In conversation: Jonathon Porritt and the narrator of 'The World We Made'

Sensemaking / In conversation: Jonathon Porritt and the narrator of 'The World We Made'

Forum for the Future's Founder-Director discusses how things have changed with Alex McKay – a 50-year-old history teacher, living in 2050, and the narrator of his new book, 'The World We Made'.

By Jonathon Porritt / 15 Oct 2013

What might a genuinely sustainable world look like in 2050? Environmentalist Jonathon Porritt sets out his vision in a groundbreaking new book, The World We Made. It’s articulated by Alex McKay, a fictional history teacher born (half a century after the author) in the year 2000. Alex looks back from the year 2050 at the momentous events that have transformed the world since the millennium. I couldn’t help wondering what kind of conversation Jonathon and Alex might have if the bounds of time could be temporarily set aside...

Jonathon: I hope you don’t mind me asking, Alex, but have you ever heard of Pollyanna?

Alex: I don’t think so. Your vintage?

J: Not quite. It was the title of an early 20th-century novel about a little girl who stayed hopeful about things, however grim the situation.

A: You seem to be implying that I’m some kind of deluded optimist?

J: Well – you do end your preface, looking back from 2050, saying: We’re still very hard pressed by the legacy of all those wasted decades, but with a renewed sense of purpose as a family of nations, celebrating afresh the collective genius of what it is that makes the human species so special. And we have confidence, once again, in our shared ability to make a better world for all those who come after us.

A: And your point is?

J: I’m just testing the bounds of optimism.

A: Look, I’m a historian. And though The World We Made isn’t a formal history (there’s quite a bit of stuff about me in there), I worked really hard to stick to the facts: what happened, when, and why.

J: But you’re not really claiming to be neutral, are you? It seems to me you’re quite judgemental about some people – particularly politicians!

A: Actually, I’m not critical of our politicians in 2050; on the whole, they’re doing a reasonable job. The ones I do judge are those back in your era – and I’m just as critical about the electorates at that time. How can you all have gone on, election after election, voting in people whose principal quality seemed to be denial about what was going on under your noses – on climate change, corruption, poverty, species extinction, and so on?

J: That’s a bit unfair. We weren’t all stuck in denial, as it happens.

A: Really? From what you’ve told me, you yourself spent your entire working life trying to get people interested in living more sustainably – with next to no success. How do you feel about that?

J: That’s definitely not how I’d put it! Campaigning groups such as Greenpeace, WWF and Friends of the Earth (as well as the Green Party in a different sort of way) did an amazing job stopping more bad things happening – it would all have been infinitely worse without that. What we never did, I have to admit, was get people excited about a different model of progress. We failed to make the idea of sustainable living aspirational – not just necessary (which is what all the science kept on telling us) but desirable.

A: And the only aspiration that really mattered was the desire for more stuff?

J: Pretty much.

A: So why The World We Made? Why conjure me up as your spokesperson?

J: To help break that deadlock. The science was all on our side, and the technology breakthroughs started coming thick and fast in the first decade of this century. But our politicians just couldn’t break free of the old orthodoxies. They were obsessed with the illusion of permanent economic growth, whatever the social and environmental consequences.

A: Hang on a minute – aren’t you just a little bit conflicted here?

J: What do you mean?

A: Well, we’re only where we are today because of roughly 20 years of full-on economic growth between 2015 and 2035, with literally trillions of dollars of economic value created in transitioning from your hopelessly inefficient, carbon-intensive economy to our near-zero-carbon, ultra-efficient economy. OK, it’s very different now, in that economic growth (as measured by conventional GDP) is just one small part of what we mean by progress. But we’d never have got here without that period of ‘green growth’, as I think you called it then.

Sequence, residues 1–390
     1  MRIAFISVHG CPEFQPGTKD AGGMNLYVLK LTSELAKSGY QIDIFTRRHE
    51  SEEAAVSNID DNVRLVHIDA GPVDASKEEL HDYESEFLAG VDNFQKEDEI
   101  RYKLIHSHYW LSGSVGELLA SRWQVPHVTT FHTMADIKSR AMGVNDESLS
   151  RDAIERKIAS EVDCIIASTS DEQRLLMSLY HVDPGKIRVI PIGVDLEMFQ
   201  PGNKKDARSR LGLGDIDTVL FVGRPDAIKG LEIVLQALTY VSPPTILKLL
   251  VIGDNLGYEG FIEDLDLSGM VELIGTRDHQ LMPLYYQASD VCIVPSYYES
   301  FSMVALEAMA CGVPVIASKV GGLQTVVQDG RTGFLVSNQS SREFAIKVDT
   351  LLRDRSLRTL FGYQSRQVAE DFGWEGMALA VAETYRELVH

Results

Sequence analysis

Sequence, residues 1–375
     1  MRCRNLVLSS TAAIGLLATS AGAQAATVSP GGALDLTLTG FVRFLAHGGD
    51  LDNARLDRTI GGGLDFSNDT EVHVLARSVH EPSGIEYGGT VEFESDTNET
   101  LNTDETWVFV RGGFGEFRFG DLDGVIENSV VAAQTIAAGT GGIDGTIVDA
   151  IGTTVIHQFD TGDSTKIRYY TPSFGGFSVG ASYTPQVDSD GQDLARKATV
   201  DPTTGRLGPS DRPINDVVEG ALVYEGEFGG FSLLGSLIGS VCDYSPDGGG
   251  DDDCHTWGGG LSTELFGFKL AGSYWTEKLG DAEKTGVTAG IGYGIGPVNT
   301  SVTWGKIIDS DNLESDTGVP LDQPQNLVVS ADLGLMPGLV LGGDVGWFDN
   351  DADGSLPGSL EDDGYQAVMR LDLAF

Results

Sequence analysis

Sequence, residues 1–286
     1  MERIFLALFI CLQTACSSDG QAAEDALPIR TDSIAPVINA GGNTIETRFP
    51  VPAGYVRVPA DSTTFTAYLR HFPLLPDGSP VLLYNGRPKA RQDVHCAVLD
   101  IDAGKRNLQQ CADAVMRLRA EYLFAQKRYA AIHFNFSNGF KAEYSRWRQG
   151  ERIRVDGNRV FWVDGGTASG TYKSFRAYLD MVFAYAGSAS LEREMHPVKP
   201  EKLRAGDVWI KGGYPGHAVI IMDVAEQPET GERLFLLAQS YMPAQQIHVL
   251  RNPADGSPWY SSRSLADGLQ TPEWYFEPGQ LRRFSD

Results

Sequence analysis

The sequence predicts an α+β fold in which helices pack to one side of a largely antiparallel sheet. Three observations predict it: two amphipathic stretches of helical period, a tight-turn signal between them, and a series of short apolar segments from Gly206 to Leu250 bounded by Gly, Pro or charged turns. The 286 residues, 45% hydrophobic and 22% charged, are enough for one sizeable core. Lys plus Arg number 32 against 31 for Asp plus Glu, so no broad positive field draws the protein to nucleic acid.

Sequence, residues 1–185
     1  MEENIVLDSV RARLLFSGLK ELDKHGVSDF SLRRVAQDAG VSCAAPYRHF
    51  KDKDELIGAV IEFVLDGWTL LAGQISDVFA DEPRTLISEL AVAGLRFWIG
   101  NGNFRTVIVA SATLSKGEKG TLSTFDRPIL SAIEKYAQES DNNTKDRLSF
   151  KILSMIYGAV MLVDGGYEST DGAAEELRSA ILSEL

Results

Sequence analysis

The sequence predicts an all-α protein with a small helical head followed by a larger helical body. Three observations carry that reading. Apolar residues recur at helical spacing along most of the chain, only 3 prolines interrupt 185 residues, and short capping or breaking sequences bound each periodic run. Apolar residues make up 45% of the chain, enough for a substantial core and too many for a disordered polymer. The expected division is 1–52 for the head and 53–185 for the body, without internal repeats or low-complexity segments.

J: That’s good to hear. But can you imagine what it was like trying to advocate that approach earlier in the century? We were caught between a self-serving establishment of business-as-usual zealots and an equally extreme zero-growth movement for whom growth itself (and technology, by the way) was the root of all our problems.

A: We picked that up in our research. And it wasn’t until 2029 that GDP was finally replaced by different measures of economic wellbeing. But we now know that it was all that green growth that created the space for a more intelligent debate about progress, about wellbeing, quality of life and real security. I don’t mean the travesty of ‘security’ in your time, measured solely by the trillions of dollars wasted by nations on weapons of war – even as the physical foundations of life on Earth were just eroding away.

J: 2029? Even by the turn of the century it was apparent to a lot of people that permanent economic growth on a finite planet was just about the stupidest idea we’d ever come up with – but the majority of people still believed that without constant economic growth, year on year, society would collapse.

A: But there was something deeper than that going on, wasn’t there? That obsession with growth was partly because they couldn’t cope with the idea of a more equitable economy. The growth was necessary to mask ever deeper levels of inequality – as the super-rich kept on getting richer at the expense of everyone else.

J: You’re big on all that stuff, aren’t you? One of the promotional lines for The World We Made is “A world in which there are still rich and poor, but the rich are poorer but happier, and the poor are richer in so many ways.” What exactly does that mean?

A: Well, there are still lots of rich people today, but there are no super-rich. And even those that are still poor in money terms enjoy a very reasonable quality of life.

J: That really does sound Utopian!

A: Really? Well, we find it almost impossible to explain how you guys put up with things year after year. It was clear for all to see that the super-rich kept on getting richer precisely because they had the politicians in one pocket and the global media in the other. So it took some world-shaking explosions of rage in 2018 and the late 2020s to restore fairness as the foundation of any genuinely sustainable economy.